• Catharine H. Ogden (1808–1874), who married Samuel Ogden (1803–1879), her first cousin[3]
  • Susan W. Ogden (1810–1892), who married William Roebuck[3]
  • Rebecca E. Ogden (1811–1886), who married George B. Ogden[3]
  • Duncan Campbell Ogden (1813–1859), who married Miriam Gratz Meredith, and Elizabeth Cox, and was a member of the First Texas Legislature.[18]
  • David A. Ogden, Jr. (1815–), who married Louisa Lanfear[3]

Ogden died in Montreal, Canada, on June 9, 1829 and was interred in Brookside Cemetery, Waddington, New York.[2]

Legacy[edit]

Ogdensburg, New York, a city in St. Lawrence County, New York, United States, was named for him and his uncle, Samuel Ogden (1746—1810).[1]

References[edit]

Notes
  1. ^ a b Clements Staff. "Ogden family papers 1790s-1850s". quod.lib.umich.edu. Retrieved 8 May 2017.
  2. ^ a b c d e f "OGDEN, David A. - Biographical Information". bioguide.congress.gov. Biographical Directory of the United States Congress. Retrieved 8 May 2017.
  3. ^ a b c d e f g h i j k Alstyne, Lawrence Van; Ogden, Charles Burr (1907). The Ogden family in America, Elizabethtown branch, and their English ancestry: John Ogden, the Pilgrim, and his descendants, 1640-1906. Printed for private circulation by J.B. Lippincott company. Retrieved 8 May 2017.
  4. ^ a b c The Quarto, Issues 108-140. UM Libraries. 1975. Retrieved 8 May 2017.
  5. ^ "BANK OF NEW YORK ENTERS 150TH YEAR; President Roosevelt's Great-Great-Grandfother Among Its Founders in 1784". The New York Times. 15 March 1933. Retrieved 8 May 2017.
  6. ^ "NEW YORK'S FIRST BANK ROUNDS OUT 150 YEARS; Institution Founded in 1784, With Hamilton as a Director, Has Shared in Many Great Events". The New York Times. 11 March 1934. Retrieved 8 May 2017.
  7. ^ Fremont-Barnes, Gregory (2007). Encyclopedia of the Age of Political Revolutions and New Ideologies, 1760-1815. Greenwood Publishing Group. ISBN 9780313049514. Retrieved 8 May 2017.
  8. ^ Ogden, David A. (25 June 1803). "Founders Online: To Thomas Jefferson from David A. Ogden, on or before 25 June 1803". founders.archives.gov. Princeton University Press. Retrieved 8 May 2017.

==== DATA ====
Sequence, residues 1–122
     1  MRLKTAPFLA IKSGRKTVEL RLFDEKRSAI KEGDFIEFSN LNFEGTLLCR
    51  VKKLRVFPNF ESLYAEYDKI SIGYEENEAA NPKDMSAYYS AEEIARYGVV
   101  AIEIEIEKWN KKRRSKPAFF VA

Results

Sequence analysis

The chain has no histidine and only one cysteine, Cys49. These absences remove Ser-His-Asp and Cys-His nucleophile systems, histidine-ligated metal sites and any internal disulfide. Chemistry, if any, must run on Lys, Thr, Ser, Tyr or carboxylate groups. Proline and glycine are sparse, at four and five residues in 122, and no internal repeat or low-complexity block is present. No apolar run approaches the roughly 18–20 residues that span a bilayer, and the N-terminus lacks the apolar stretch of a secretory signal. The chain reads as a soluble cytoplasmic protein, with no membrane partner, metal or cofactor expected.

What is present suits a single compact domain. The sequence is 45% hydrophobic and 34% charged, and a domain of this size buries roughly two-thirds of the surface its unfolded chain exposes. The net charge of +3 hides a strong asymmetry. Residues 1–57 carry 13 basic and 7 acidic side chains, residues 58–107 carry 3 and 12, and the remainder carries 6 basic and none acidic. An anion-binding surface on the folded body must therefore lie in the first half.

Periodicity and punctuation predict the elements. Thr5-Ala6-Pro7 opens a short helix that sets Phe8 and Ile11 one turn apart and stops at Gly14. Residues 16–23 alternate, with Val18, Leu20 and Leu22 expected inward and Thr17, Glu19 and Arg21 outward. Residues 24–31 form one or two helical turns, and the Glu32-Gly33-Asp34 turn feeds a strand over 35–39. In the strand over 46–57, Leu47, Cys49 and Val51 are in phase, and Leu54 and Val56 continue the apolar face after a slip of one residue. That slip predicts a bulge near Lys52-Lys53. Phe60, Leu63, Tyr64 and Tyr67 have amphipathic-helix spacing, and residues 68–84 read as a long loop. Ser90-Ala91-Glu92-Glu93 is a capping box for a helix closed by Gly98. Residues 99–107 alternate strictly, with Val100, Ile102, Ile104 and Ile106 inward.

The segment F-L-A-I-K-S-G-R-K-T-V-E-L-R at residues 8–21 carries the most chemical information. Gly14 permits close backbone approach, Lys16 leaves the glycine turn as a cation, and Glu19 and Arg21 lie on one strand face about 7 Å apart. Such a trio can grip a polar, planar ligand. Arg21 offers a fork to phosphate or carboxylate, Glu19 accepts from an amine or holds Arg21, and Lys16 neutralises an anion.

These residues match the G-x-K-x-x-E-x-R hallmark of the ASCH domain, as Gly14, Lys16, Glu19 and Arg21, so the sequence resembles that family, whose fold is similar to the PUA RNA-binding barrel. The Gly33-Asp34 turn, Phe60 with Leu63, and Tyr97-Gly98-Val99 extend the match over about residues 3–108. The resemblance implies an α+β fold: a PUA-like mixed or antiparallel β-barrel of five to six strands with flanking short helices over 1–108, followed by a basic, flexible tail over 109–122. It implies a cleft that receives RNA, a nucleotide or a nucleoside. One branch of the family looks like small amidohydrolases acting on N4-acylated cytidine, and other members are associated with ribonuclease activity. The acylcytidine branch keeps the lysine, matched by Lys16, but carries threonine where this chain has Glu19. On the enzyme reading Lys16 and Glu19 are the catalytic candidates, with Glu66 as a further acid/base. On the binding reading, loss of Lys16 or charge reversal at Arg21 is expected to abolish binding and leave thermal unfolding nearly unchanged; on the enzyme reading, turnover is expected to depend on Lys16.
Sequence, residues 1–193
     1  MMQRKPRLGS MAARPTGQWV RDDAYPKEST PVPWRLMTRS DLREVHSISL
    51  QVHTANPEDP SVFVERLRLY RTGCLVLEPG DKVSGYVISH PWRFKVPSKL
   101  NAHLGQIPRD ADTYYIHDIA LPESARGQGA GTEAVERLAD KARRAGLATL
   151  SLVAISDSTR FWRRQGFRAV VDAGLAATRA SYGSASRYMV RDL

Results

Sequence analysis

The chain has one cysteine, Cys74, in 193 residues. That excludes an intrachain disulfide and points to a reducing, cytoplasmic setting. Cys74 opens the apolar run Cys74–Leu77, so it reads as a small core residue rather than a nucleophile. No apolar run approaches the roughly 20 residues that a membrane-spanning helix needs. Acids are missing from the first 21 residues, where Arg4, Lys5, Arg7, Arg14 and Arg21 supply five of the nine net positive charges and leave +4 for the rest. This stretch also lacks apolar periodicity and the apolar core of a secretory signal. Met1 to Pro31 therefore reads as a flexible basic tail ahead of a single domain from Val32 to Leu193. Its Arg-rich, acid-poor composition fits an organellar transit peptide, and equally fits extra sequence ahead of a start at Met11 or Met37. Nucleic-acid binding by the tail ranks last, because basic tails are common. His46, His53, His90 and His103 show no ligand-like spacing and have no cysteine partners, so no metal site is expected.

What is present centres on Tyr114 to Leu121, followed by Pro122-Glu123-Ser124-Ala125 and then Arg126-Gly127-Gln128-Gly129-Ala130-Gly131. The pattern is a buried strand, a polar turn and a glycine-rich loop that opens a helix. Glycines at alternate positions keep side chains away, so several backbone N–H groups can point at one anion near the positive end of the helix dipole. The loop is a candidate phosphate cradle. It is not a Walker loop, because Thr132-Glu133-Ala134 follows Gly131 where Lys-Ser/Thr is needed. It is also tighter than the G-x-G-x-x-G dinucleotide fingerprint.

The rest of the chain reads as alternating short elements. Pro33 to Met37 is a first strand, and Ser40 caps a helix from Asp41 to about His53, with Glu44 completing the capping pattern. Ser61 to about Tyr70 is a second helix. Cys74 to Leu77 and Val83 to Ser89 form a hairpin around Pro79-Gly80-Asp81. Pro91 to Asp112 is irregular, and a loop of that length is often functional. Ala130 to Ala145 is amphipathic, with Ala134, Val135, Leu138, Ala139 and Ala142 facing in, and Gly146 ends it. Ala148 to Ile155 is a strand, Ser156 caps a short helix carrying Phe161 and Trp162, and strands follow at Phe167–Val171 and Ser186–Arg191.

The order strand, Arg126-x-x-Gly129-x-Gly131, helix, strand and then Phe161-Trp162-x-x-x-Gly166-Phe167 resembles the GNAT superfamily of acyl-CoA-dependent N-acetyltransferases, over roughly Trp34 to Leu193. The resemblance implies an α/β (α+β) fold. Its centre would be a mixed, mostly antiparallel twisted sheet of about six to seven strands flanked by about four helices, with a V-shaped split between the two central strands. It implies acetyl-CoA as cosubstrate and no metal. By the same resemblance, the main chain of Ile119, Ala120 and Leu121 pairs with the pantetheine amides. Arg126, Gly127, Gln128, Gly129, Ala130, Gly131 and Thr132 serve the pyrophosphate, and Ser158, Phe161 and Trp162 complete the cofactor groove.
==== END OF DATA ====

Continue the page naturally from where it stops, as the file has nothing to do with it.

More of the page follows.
9. ^ Morris, John D. (2000). Sword of the Border: Major General Jacob Jennings Brown, 1775-1828. Kent State University Press. ISBN 9780873386593. Retrieved 8 May 2017.
  10. ^ Forney, Joyce Manley; Manley, Robert H.; Manley, Kathy (2011). Henry S. Manley (1892-1967): His Life and Writings. iUniverse. ISBN 9781450275484. Retrieved 8 May 2017.
  11. ^ Red Jacket (Seneca chief) (2006). The Collected Speeches of Sagoyewatha, Or Red Jacket. Syracuse University Press. ISBN 9780815630968. Retrieved 8 May 2017.
  12. ^ Press, C. Q. (2013). Guide to Congress. CQ Press. ISBN 9781452235325. Retrieved 8 May 2017.
  13. ^ Powell, William S. (November 9, 2000). Dictionary of North Carolina Biography: Vol. 2, D-G. University of North Carolina Press. ISBN 9780807867013. Retrieved 8 May 2017.
  14. ^ Assembly, New York (State) Legislature (1889). Documents of the Assembly of the State of New York. Retrieved 8 May 2017.
  15. ^ Twomey, Bill (2007). The Bronx, in Bits and Pieces. AuthorHouse. ISBN 9781600080623. Retrieved 8 May 2017.
  16. ^ "WHAT IS DOING IN SOCIETY". The New York Times. 28 February 1903. Retrieved 8 May 2017.
  17. ^ "NYC Marriage & Death Notices 1843-1856 | New York Society Library". www.nysoclib.org. Retrieved 8 May 2017.
  18. ^ Cutrer, Thomas W. (15 June 2010). "OGDEN, DUNCAN CAMPBELL". tshaonline.org. Handbook of Texas Online | Texas State Historical Association. Retrieved 8 May 2017.
Sources
U.S. House of Representatives
Preceded by
Moss Kent
Member of the U.S. House of Representatives
from New York's 18th congressional district

1817–1819
Succeeded by
William Donnison Ford